I believe that Christ is my Savior and Redeemer and that the Church of Jesus Christ of Latter-day Saints is led by Him. I believe that we have prophets on the earth today and that Joseph Smith was a prophet of God who really did translate the Book of Mormon, which really is an ancient testament of Jesus Christ. This testimony rests on two kinds of things. First, and probably less important, is that I find these claims consistent with my own experience and the experiences of others. For just one example, the numerous witnesses who testified to seeing the golden plates from which the Book of Mormon was translated make it difficult for me to accept claims that no such plates existed. From my own experience, I have prayed to know if the Book of Mormon is true and I felt a distinct response to that prayer. I have tried living the teachings of Christ and it has made me a better person. I have prayed for help and feel that I received it.
Now, at my day job I do statistics, so I am perfectly well aware that coincidences happen. I am also an economist, and doing that I have seen many instances where people’s descriptions of events are shaded by their own beliefs. Too often people overvalue anecdotes that confirm their biases. But I think the probability is low that what I have felt and seen and read about the LDS church and Jesus Christ’s life is all either made up or coincidental. And as an economist, I know that we don’t act based on certainty so much as the weighting of what is most likely. Do I know the sun will set tonight? No, but it is incredibly likely, and that is good enough for me to act.
All of that, then, constitutes the first reason that I believe. The second is perhaps more important but is rather difficult to explain. In the first reason, belief is about rationally weighing probabilities. That is fine, but belief is also an emotional response. When faced with a variety of possible ways that one can explain the world, we have preferences over which one we accept. We have a choice to believe. So given that choice, I choose to believe. Now, if one’s beliefs are unsupported by any facts, I think one should get new beliefs, but I’ve seen enough theories bandied about to know that the available facts in our world are consistent with many different views of the world. So we have the choice of which one of those views we think is right, after all the current data are in. Since I believe in prayer, I think God can help us in making that choice, but it is still, in the end, up to us to have faith or not.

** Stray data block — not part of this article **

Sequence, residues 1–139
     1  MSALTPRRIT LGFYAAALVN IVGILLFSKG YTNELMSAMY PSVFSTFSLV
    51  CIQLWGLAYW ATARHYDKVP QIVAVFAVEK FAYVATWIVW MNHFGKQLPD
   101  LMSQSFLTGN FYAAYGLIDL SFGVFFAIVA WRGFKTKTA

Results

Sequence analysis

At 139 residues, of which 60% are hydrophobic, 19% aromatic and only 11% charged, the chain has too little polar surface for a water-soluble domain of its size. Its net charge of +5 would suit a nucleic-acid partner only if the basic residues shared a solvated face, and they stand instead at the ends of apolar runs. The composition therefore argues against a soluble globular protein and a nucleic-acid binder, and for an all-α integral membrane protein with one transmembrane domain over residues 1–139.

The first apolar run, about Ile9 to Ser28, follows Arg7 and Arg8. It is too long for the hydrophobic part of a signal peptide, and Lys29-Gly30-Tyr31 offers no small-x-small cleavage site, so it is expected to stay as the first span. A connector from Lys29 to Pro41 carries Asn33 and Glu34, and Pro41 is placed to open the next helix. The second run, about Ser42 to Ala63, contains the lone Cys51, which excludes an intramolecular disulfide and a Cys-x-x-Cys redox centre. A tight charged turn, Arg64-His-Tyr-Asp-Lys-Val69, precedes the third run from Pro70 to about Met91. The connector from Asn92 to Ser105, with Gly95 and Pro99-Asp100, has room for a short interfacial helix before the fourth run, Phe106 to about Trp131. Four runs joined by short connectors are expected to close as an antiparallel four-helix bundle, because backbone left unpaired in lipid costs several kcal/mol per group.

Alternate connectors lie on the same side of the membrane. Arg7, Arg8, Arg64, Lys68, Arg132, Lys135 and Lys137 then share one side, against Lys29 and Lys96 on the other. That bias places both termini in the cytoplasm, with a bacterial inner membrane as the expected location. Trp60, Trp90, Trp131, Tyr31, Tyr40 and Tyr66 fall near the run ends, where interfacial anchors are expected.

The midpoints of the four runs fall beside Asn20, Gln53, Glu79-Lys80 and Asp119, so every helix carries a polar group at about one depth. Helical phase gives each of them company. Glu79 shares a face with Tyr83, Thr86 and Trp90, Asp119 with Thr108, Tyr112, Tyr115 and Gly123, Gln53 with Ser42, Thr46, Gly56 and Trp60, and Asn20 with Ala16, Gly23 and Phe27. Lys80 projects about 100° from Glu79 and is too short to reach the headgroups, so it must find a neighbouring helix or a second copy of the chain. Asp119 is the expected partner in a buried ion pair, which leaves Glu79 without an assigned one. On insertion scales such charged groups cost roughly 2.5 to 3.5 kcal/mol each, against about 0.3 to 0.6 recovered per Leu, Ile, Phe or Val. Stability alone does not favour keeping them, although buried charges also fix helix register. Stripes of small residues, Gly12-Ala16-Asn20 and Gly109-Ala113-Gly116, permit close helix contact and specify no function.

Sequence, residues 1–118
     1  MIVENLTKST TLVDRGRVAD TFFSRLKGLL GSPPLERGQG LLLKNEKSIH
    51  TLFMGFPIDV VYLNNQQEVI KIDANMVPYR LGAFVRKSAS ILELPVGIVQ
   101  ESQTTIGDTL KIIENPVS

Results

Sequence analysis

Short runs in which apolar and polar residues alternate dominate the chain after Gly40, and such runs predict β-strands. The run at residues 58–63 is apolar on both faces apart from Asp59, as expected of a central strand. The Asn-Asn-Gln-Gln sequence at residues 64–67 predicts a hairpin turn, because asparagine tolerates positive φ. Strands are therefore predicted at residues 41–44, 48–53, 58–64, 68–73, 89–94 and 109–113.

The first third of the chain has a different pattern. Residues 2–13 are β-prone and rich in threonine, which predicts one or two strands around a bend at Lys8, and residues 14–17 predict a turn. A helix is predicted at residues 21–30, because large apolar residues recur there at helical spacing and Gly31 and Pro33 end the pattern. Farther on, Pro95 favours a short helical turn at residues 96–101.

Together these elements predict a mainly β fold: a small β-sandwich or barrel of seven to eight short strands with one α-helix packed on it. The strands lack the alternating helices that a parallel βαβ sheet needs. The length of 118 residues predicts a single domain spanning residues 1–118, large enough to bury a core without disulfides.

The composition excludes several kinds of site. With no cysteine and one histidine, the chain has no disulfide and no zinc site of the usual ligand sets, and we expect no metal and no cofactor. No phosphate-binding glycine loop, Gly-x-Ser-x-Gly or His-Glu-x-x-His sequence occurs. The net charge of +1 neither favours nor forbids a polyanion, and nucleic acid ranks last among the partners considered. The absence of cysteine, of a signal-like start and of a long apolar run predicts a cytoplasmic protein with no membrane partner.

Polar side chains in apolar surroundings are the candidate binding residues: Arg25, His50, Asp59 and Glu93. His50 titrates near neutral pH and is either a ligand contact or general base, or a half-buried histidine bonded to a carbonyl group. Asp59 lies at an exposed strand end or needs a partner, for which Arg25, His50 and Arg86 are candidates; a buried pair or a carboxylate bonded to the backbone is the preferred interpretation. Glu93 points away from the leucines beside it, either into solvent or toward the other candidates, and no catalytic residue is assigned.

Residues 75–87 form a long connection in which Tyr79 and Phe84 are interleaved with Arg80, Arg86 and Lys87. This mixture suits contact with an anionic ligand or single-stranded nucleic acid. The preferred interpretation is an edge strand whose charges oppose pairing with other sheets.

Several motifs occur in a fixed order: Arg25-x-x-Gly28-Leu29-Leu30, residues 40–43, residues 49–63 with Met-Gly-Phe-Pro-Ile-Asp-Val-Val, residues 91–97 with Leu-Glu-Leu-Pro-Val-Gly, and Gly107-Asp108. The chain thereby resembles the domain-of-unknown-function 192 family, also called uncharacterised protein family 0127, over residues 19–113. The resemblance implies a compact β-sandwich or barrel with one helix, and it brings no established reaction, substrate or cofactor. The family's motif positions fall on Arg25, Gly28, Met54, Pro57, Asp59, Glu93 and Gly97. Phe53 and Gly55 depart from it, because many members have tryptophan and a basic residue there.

In my statistical work I often have data that are consistent with more than one theory. Or worse, and more common, that are not entirely consistent with any current theory. So I keep digging and revising my beliefs as I go. In the same way, I learn more about the gospel as I test it and live it. As I read the scriptures and pray and try to live the teachings of Christianity I revise my understanding of the Universe, hopefully for the better. I think that is what God expects of us.
Frank McIntyre received his B.A. degree in economics from Brigham Young University. He then received a PhD in economics from Stanford University. After teaching at Brigham Young University he is now on the faculty of the Rutgers Business School in the department of Finance and Economics.
His research applies microeconometrics to various questions in labor and law, such as wage policy, personal bankruptcy, returns to education, and the criminal justice system. His work has appeared in a variety of academic journals such as the Journal of Labor Economics, the Journal of Law and Economics, the Journal of Empirical Legal Studies, Texas Law Review, the Journal of Economic Behavior and Organizations, and Economic Development and Cultural Change.
Posted May 2014